Projects underway that will restore life to Biscayne Bay, Florida Everglades

MIAMI-DADE COUNTY, Fla. – Wednesday is World Water Day, a day that highlights the importance of fresh water and the sustainable management of fresh water resources.

On this day, we honor the most precious to all of us who live in Florida, the Everglades.

After a century of human-caused disruptions to the natural flow of the River of Grass, urgent and multibillion-dollar restoration projects are now taking place.

It is the dawn of a new era for the Florida Everglades.

After decades of planning, at long last what was wronged is finally being made right.

“This project is critical for Miami Dade County’s resilience and its future,” said Miami-Dade Chief Bay Officer Irela Bague.

On Tuesday, a groundbreaking was held for a new pump station at Black Point Marina off Cutler Bay.

“To restore Biscayne Bay, we have to get the water right,” said Bague. “Right now, the water Biscayne Bay is getting is not optimal. It is full of nutrient pollution.”

The project is the final component of a 20-year mission to clean up the polluted water flowing from the C-1 canal into southern Biscayne Bay, redirecting it to hydrate three miles of parched coastal wetlands, where nature can do what it’s supposed to do.

“Basically, nature will clean it,” said South Florida Water Management District Governing Board Member Charlie Martinez. “The mangroves will clean it, they absorb the nitrogen and the phosphorus on the water, which are the pollutants.”

A slow sheet flow through the mangroves will send clean, fresh water into Biscayne Bay and help bring back wildlife that historically thrived there.

“This takes a canal, turns into the mangrove marsh,” said South Florida Water Management District Executive Director Drew Bartlett. “Seventeen hundred acres (of a) beautiful ecosystem that animals will enjoy, humans will enjoy and it will protect Biscayne Bay.”

The project also plays a crucial role in restoring the Everglades.

“These projects are adding up and we’re seeing the benefits accumulating as a result,” said The Everglades Foundation Chief Science Officer Stephen Davis.

Local 10 News’ Louis Aguirre saw those benefits up close when The Everglades Foundation took our crew on a tour of wetlands just north of Everglades National Park, off Tamiami Trail, east of Big Cypress.

Life was and is bouncing back, where historic flows of water have now been restored.

“This was part of that historic River of Grass that was connected from the southern rim of Lake Okeechobee,” said Davis.

Over the past 100 years, humans have disrupted the natural flow, dredging and draining the Everglades to make room for development and agriculture, farmland that sucked up most of the lake water and sends deadly nutrient runoff into estuaries and waterways to the east and west, killing acres of seagrass and the marine life that depends on it.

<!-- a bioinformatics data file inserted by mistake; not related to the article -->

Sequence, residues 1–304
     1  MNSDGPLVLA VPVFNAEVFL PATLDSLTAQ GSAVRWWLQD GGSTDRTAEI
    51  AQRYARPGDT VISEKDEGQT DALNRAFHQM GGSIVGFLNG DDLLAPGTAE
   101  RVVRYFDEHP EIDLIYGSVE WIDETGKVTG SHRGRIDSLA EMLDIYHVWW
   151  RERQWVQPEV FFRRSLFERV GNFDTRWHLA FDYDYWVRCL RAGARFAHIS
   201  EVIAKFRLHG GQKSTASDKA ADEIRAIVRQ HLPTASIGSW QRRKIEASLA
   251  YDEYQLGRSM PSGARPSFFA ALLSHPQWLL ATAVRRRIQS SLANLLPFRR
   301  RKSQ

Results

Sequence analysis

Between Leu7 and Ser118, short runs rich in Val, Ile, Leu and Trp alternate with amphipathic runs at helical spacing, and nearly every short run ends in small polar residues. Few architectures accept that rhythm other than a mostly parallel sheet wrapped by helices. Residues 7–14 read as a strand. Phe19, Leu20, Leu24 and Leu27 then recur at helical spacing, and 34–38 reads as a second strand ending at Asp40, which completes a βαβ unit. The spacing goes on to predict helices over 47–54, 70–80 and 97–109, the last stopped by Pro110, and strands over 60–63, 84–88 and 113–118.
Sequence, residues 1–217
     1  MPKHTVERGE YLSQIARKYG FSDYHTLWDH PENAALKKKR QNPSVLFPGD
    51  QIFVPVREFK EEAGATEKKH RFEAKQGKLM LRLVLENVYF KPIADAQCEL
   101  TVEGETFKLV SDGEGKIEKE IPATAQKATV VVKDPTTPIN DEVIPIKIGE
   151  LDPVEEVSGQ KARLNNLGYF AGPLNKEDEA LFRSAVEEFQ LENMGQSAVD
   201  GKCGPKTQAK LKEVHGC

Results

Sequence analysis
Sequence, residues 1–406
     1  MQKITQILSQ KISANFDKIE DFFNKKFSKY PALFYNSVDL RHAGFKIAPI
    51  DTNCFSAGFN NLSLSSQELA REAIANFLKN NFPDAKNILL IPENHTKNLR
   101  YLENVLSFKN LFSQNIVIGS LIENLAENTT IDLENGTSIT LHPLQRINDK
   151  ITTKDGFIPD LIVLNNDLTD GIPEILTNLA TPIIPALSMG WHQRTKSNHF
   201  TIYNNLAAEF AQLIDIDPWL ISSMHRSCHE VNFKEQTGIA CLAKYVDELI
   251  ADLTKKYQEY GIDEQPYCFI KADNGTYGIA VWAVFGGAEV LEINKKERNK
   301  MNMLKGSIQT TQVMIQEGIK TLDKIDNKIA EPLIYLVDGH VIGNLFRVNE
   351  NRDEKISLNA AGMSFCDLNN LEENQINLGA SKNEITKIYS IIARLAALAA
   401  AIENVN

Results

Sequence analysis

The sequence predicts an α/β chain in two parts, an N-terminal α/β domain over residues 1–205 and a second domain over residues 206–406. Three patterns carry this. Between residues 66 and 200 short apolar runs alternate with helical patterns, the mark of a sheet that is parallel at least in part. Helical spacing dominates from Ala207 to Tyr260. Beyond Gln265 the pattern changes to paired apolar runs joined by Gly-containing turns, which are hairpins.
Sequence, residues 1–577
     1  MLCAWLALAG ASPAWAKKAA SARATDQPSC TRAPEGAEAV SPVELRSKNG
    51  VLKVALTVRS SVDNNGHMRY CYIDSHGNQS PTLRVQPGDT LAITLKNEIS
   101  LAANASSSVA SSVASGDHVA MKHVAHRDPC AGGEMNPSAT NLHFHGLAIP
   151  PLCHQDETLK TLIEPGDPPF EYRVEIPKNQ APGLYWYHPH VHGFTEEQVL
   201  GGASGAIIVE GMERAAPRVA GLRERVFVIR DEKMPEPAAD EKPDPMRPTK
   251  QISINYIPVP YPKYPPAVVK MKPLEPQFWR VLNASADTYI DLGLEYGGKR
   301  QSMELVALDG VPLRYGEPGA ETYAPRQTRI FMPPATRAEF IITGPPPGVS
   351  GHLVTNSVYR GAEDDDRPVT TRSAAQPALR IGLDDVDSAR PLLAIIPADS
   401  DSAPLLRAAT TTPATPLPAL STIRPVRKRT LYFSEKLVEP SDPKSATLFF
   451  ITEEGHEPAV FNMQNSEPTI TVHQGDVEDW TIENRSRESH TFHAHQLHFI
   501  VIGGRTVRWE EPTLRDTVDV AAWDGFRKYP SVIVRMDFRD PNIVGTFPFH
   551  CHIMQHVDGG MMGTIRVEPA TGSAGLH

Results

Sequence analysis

“Dumping water from Lake Okeechobee, to that estuary and to the Caloosahatchee, it’s like a kick in the gut for those estuaries and communities every time that happens,” said Davis.

But now, thanks to the combined efforts of the U.S. Army Corps of Engineers, the South Florida Water Management District and many other groups and agencies, Florida is finally on the path to getting its water right.

“All of us want it here in South Florida, we want to make sure that the water gets right,” said resilience scientist Dr. Meenkashi Chabba.

The bottom line is: if you get the water right, you get resilience right.

Everglades restoration is our first line of defense against saltwater intrusion and sea level rise and it restores balance to our challenged ecosystems.

In the past three months, there have been major advancements -- the Cutler Wetlands Pump Station, the Taylor Slough Improvement Project and the crown jewel of them all, the Everglades Agricultural Area Storage Reservoir, or EAA.

“That groundbreaking really signifies a major leap forward in Everglades restoration,” said Davis.

The 16-square-mile reservoir will lessen the flow of dirty discharges to the east and west of Lake Okeechobee and restore the natural flow of clean water south.

“It allows us to take that water, store it, clean it and put it back in the Everglades, where it belongs,” said Davis.

It’s expected to be completed and ready by 2032, and thirsty Florida Bay will finally get a drink.

“When we’re sending more of that water south, we’re improving conditions for seagrass in Florida Bay that really isn’t getting enough fresh water,” Davis said.

Cumulatively, all of these projects are giving our challenged ecosystems time to heal from all the pollution while restoring flow and balance to our natural backyard.

When the Everglades win, we all win.

“The more we add, the greater the benefit becomes, and the greater the footprint of that benefit becomes,” said Davis.

Legendary Everglades champion Marjory Stoneman Douglas once famously said, “The Everglades is a test. If we pass it, we get to keep the planet.”

More projects are on the way.

The federal government has earmarked a record $447 million for restoration and, this year, Gov. Ron DeSantis committed to spend $3.5 billion on Everglades restoration over the next four years.

For more information on the restoration work being done or to find a way to get involved, click here.

Information on attending the gala for the Alliance for Florida’s National Parks, taking place at the Frost Museum of Science, can be found by clicking here.

About the Author:

Louis Aguirre is an Emmy-award winning journalist who anchors weekday newscasts and serves as WPLG Local 10’s Environmental Advocate.